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Hon. Bob Filner, Chairman, Committee on Veterans' Affairs

I would like to thank everyone for attending today’s hearing.  The purpose of today’s hearing is to explore the potential relationship, if any, between psychiatric medications and suicides. 

With PTSD and TBI being the signature wounds of the current war in Iraq and Afghanistan, mental health issues have naturally taken center stage. 

Research has shown that mental disorders and substance-abuse disorders are linked to more than 90 percent of people who die by suicide.  Today, suicides among service members and veterans continue to increase at an alarming rate, far exceeding the comparable suicide rates among the general population.  It is a tragedy that our service members and veterans survived the battle abroad only to return home and fall to suicide. 

With the widespread availability and use of psychiatric medications to address mental health disorders, it begs the question of whether these drugs prevent or lend a hand in suicides.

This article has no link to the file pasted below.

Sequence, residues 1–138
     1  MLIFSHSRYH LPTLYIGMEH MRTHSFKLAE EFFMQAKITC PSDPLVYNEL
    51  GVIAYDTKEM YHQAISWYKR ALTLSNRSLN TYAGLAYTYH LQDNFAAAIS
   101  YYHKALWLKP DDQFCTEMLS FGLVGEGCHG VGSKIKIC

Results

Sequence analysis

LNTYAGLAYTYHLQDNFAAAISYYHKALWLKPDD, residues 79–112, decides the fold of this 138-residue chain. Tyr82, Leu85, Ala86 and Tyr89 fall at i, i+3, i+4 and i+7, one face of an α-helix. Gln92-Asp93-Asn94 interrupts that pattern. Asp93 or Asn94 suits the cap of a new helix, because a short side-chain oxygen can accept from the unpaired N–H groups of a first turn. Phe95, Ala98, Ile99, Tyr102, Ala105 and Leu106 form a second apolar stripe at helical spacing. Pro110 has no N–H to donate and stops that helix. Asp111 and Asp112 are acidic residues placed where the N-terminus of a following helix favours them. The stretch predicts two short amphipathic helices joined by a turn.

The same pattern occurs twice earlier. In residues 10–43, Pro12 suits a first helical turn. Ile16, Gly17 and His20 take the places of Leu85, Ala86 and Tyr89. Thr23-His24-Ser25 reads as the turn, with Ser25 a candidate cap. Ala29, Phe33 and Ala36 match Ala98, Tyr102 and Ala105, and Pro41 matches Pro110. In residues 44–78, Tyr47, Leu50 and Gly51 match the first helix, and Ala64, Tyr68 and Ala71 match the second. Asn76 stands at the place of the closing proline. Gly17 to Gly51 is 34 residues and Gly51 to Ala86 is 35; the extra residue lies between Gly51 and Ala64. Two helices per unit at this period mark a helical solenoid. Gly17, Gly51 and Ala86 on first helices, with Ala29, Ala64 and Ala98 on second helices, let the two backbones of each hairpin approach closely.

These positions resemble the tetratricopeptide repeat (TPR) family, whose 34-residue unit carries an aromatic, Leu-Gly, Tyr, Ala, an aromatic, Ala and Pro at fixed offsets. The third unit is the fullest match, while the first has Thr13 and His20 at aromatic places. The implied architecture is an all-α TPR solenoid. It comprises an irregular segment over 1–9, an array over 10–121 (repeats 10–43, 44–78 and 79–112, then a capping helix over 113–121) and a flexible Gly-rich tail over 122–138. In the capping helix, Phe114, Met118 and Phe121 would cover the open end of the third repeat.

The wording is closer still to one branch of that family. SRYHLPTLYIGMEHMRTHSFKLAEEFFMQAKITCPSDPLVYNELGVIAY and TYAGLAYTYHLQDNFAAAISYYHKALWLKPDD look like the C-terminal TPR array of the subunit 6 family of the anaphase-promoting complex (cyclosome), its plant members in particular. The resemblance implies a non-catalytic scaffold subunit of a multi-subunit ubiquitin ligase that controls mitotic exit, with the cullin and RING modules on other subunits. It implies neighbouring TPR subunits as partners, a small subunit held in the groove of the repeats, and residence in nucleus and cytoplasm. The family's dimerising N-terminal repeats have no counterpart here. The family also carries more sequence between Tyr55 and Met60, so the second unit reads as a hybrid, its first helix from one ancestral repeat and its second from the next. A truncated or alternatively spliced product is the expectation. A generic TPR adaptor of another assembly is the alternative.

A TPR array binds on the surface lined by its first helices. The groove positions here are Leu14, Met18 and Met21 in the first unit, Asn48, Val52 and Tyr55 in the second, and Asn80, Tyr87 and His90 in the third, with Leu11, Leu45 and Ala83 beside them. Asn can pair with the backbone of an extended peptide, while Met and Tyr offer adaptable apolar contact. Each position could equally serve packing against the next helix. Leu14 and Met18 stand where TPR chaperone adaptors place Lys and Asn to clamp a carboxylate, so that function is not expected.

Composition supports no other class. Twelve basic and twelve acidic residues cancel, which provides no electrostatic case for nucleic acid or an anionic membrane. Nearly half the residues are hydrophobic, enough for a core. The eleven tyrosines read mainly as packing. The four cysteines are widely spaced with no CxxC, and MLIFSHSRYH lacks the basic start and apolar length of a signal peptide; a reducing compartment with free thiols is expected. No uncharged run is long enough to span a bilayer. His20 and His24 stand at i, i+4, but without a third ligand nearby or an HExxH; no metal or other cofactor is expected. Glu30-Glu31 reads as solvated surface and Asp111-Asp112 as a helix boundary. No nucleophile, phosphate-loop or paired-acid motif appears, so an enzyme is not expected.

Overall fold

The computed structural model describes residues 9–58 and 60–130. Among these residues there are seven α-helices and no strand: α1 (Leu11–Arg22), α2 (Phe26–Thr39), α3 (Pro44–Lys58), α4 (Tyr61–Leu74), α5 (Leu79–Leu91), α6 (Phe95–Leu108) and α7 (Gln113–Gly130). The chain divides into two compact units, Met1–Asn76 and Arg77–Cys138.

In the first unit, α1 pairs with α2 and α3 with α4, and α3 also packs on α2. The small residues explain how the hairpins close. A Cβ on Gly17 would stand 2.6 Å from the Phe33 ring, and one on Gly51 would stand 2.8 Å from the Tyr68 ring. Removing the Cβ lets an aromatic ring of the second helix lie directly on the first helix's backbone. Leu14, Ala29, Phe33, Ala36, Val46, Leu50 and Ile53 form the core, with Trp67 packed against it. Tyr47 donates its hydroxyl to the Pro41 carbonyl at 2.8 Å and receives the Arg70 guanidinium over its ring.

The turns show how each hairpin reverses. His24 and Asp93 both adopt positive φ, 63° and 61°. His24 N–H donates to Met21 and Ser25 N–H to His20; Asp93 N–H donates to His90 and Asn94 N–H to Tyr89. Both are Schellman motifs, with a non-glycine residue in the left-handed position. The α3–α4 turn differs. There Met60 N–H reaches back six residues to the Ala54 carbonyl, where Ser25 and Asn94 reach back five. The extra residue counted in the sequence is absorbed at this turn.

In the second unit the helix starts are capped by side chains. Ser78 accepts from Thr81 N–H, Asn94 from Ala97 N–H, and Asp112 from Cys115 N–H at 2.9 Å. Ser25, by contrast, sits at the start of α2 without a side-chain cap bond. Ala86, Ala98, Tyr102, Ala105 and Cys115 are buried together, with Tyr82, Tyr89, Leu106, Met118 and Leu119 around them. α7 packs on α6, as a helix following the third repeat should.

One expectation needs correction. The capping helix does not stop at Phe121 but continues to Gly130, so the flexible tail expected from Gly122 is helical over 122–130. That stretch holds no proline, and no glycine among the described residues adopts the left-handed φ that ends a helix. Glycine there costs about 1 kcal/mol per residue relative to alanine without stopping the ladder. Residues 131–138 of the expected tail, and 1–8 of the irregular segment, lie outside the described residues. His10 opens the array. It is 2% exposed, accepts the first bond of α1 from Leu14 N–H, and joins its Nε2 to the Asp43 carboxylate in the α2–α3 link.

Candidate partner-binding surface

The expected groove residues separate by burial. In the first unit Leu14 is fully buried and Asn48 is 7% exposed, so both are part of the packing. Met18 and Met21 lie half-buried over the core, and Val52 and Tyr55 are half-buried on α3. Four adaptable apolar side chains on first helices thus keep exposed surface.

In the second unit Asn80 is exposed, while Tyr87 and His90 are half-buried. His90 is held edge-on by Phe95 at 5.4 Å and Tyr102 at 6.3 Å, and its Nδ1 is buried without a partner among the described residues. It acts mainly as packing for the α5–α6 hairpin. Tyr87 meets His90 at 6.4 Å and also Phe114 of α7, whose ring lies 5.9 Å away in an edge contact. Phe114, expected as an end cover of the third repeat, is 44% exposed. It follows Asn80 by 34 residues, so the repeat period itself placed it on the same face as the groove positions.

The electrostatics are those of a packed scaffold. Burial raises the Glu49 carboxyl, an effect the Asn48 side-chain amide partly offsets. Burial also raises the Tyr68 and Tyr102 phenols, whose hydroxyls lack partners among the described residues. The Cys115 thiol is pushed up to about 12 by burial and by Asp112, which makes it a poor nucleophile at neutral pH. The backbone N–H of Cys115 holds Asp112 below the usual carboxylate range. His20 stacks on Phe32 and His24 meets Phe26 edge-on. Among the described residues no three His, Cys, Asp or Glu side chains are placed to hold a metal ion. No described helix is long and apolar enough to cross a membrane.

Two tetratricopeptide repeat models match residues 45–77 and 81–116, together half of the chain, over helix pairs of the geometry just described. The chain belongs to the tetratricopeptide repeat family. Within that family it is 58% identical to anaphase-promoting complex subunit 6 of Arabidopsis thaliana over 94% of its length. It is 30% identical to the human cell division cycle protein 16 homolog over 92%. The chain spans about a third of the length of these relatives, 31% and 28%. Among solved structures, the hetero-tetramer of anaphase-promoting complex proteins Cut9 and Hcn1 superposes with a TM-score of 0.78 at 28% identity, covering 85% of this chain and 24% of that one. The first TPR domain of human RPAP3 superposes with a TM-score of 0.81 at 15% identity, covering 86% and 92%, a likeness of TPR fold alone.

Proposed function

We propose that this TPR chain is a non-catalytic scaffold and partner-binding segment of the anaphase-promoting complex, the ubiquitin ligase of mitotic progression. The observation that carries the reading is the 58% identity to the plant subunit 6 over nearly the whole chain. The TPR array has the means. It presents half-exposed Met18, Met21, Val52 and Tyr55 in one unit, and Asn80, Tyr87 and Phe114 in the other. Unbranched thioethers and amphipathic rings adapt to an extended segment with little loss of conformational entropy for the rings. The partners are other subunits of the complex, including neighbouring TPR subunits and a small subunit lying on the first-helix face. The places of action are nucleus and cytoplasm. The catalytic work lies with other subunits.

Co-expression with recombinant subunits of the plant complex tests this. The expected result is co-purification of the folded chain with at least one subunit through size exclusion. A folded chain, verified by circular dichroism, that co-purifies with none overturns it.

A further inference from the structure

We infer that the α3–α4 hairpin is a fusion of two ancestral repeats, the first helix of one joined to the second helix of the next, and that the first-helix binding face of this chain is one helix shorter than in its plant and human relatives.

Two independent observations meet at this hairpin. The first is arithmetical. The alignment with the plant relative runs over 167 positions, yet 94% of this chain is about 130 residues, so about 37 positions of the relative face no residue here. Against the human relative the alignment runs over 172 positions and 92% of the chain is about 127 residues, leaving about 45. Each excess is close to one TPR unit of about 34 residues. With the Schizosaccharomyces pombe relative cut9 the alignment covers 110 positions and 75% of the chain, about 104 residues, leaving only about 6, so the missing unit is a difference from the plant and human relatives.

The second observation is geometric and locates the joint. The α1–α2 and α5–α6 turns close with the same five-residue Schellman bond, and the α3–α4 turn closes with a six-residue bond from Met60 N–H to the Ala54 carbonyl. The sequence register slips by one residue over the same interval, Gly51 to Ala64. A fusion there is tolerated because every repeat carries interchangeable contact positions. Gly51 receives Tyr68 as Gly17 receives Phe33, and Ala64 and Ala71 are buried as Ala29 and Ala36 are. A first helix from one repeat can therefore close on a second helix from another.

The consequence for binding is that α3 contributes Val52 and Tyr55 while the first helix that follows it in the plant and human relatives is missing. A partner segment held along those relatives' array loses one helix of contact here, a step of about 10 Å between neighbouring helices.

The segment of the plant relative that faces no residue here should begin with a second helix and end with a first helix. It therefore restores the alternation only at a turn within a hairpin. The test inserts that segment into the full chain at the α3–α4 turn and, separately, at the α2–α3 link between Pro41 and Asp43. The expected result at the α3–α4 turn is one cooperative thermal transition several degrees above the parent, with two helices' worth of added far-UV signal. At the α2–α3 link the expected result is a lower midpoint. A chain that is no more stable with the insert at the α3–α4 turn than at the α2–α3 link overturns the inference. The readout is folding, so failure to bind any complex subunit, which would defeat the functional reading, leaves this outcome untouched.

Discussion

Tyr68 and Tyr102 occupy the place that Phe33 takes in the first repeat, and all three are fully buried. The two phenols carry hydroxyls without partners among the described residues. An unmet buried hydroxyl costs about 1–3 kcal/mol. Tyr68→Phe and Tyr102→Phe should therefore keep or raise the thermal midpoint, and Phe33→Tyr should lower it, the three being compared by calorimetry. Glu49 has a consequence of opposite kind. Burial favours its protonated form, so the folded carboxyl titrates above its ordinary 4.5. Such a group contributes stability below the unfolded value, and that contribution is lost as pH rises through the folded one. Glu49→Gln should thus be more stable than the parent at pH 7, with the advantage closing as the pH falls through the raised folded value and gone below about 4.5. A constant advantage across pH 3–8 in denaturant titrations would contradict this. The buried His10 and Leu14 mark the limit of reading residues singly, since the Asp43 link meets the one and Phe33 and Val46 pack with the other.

There are some doctors who are convinced by their clinical experience that psychiatric drugs often adversely impact the individuals’ better judgment and lead people to lose control over their emotions and actions.  Suicides may be driven by so called drug-induced adverse reactions and intoxications. 

On the other hand, there are research studies that show suicide attempts were lower among patients who were treated with antidepressants than those who were not.  In other words, antidepressants had a protective effect and did not support the hypothesis that antidepressants place patients at greater risk of suicide.

Through this hearing, we will explore the two opposing schools of thought on the relationship with psychiatric medication and suicides.  In this process, we will also seek to better understand the reasons why more and more service members and veterans are taking their own lives and what the Department of Veterans Affairs and the Department of Defense are implementing in this struggle to prevent more suicides.